I went to therapy, and he pointed out that I was talking really fast, and seemed to feel an urgent need to sort through all that I was thinking about, immediately. (This is true.) He also pointed out that relaxing was an option, that I’m good enough as I am. (I also believe this. But I can be better. But yes, relaxing seems good, because being stressed about something like time allocation, when I’m already doing pretty well at it, seems unnecessary.)
We tried to brainstorm solutions to this time allocation situation, but didn’t make much progress because I’ve thought about this a lot. In terms of hard solutions, I seem to be optimizing a fairly complicated problem that has a bunch of intrinsic tradeoffs, and think I’m doing pretty well given the circumstances. What I really thought would be useful would be a way to make me relax my perception of wasting time, when I don’t actually think I am. But we didn’t go that route, and instead my therapist asked me about things I do to relax. I said I’ve been exercising and sleeping and taking care of myself, and he asked me about music and painting. Again he asked about music and painting, neither of which are my interests or relaxing for me, which we’d discussed last time. (I’m also especially negatively triggered by being encouraged to do these two activities in particular, due to some past experiences.)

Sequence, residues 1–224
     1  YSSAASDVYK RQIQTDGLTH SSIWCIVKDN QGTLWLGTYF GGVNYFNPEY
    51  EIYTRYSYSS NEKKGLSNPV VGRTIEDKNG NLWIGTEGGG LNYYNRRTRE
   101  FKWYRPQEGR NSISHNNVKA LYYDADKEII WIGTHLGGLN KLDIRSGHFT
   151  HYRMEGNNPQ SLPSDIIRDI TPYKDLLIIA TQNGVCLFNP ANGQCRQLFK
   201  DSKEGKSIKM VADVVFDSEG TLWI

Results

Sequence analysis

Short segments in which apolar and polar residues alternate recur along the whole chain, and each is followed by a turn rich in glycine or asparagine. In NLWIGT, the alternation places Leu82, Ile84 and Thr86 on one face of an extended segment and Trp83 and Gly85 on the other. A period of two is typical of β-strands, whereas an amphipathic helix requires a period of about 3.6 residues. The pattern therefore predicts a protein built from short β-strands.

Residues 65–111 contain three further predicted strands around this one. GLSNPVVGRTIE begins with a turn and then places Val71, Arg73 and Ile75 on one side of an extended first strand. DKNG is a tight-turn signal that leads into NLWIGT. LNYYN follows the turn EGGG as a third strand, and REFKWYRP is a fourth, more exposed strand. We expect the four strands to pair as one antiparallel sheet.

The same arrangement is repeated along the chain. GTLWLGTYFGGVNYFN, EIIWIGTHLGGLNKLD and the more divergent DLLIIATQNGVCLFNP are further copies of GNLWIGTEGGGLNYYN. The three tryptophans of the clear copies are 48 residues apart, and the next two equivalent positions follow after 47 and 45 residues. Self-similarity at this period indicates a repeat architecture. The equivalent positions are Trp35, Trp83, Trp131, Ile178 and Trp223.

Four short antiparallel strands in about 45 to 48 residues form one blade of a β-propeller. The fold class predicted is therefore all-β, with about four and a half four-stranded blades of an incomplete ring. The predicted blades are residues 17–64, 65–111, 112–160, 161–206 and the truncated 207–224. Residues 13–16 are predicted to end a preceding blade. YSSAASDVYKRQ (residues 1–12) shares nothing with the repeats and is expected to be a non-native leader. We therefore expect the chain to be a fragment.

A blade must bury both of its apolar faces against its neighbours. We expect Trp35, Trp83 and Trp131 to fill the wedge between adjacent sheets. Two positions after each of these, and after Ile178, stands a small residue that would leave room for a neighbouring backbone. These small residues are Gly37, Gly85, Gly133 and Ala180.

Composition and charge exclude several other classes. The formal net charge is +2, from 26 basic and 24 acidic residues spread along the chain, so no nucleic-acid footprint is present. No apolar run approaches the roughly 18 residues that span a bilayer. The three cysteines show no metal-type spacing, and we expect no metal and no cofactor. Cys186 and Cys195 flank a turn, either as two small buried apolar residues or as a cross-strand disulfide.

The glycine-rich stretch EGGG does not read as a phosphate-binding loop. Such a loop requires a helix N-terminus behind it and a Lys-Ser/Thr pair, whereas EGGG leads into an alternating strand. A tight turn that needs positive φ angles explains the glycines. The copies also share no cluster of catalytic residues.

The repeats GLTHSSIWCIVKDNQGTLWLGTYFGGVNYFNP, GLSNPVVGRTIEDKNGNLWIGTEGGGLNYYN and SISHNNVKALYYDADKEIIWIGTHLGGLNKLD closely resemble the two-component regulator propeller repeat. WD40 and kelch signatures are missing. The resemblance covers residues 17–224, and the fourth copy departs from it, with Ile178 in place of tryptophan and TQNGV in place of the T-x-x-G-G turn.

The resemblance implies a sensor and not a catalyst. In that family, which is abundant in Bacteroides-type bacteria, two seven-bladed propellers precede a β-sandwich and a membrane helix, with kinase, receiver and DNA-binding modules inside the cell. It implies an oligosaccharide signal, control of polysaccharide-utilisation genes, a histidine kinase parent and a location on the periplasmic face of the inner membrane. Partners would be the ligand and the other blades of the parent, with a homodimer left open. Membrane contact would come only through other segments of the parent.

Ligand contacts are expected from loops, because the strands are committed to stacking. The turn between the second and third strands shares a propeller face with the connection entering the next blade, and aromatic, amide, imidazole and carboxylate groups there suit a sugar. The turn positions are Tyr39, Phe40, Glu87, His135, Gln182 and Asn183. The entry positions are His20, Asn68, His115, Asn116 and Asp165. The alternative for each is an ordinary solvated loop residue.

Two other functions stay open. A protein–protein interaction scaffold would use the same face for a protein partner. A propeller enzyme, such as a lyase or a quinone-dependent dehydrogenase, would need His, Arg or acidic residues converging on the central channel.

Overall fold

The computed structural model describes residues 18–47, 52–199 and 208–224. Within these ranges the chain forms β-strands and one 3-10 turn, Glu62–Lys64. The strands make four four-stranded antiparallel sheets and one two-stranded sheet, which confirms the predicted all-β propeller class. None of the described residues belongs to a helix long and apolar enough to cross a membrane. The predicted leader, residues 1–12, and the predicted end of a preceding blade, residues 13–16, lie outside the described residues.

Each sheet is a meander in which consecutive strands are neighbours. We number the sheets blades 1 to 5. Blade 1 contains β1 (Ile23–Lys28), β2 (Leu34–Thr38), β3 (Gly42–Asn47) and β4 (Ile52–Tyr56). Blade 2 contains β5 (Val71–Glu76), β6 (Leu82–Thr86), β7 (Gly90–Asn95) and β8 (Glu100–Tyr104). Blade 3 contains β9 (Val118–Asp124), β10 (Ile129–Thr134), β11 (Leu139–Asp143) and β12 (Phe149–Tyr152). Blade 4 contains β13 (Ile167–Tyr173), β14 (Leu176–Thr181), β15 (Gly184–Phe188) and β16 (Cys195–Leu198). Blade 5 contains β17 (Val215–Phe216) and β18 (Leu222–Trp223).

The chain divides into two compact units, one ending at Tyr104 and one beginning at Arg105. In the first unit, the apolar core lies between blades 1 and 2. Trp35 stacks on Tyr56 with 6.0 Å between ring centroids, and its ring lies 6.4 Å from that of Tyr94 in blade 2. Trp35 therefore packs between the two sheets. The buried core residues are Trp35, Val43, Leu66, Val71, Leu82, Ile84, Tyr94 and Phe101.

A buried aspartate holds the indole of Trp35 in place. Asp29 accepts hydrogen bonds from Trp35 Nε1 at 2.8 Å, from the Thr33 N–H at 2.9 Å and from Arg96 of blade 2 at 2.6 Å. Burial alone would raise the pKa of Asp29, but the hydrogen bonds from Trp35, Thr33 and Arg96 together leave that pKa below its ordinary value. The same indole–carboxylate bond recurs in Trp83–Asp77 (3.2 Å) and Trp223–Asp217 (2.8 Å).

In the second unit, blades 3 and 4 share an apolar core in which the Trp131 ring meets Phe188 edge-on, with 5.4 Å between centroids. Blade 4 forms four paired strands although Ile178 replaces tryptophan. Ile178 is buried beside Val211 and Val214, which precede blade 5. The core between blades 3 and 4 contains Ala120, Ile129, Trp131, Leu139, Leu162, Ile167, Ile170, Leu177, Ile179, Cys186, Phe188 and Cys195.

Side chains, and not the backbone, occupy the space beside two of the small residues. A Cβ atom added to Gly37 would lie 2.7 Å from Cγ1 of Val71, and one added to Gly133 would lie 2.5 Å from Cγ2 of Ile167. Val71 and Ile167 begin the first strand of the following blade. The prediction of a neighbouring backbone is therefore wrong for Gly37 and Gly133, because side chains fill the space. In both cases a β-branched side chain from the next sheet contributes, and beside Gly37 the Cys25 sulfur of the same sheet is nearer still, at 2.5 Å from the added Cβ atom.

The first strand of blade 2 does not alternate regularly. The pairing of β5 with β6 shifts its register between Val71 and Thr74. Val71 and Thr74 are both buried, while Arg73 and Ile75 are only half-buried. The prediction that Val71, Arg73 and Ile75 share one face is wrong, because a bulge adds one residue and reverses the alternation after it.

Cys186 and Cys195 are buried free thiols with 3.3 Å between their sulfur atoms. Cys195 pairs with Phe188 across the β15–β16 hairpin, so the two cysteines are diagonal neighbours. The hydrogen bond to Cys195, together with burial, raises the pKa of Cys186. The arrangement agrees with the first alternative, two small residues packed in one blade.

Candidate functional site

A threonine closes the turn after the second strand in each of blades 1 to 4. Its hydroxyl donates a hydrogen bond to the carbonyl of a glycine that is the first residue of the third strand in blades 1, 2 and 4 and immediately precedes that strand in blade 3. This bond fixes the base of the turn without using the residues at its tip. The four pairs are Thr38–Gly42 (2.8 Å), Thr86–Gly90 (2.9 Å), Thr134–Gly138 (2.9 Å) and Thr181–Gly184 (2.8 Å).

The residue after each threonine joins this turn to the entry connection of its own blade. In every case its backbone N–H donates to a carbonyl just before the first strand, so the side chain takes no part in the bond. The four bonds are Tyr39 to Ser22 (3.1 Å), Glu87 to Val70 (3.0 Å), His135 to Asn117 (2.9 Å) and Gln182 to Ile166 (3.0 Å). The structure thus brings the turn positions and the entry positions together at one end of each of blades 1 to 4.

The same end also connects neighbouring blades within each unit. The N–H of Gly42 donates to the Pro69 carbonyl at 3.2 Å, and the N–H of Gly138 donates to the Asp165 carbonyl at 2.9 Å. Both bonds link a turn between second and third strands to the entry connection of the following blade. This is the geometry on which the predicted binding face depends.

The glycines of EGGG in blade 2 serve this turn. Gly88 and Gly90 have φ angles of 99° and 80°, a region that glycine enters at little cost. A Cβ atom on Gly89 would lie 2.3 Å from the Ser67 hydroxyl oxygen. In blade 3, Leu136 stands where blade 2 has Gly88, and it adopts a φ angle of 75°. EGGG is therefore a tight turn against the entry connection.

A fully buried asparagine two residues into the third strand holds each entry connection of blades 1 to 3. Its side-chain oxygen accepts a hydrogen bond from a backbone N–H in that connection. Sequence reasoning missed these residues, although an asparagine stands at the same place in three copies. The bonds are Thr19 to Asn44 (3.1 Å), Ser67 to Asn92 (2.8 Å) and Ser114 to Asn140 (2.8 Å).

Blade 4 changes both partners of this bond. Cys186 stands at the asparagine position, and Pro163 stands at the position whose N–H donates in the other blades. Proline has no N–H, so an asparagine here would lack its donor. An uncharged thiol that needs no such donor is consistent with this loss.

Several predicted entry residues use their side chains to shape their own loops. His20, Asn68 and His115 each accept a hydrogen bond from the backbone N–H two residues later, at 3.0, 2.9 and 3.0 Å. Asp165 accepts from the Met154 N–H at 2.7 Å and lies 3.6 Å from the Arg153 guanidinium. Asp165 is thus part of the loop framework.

I felt a fair amount of frustration with my therapist laying down their interests over mine. It’s very fast, in the moment—the thoughts are something like: No, those aren’t relaxing, why are you saying that, oh because you enjoy that, gah, that’s annoying, no whatever it’s a small thing we’re going to move on soon, respond mildly, next. And all of these impressions are very rapid, and take place in the few seconds where I’m listening and then constructing a response.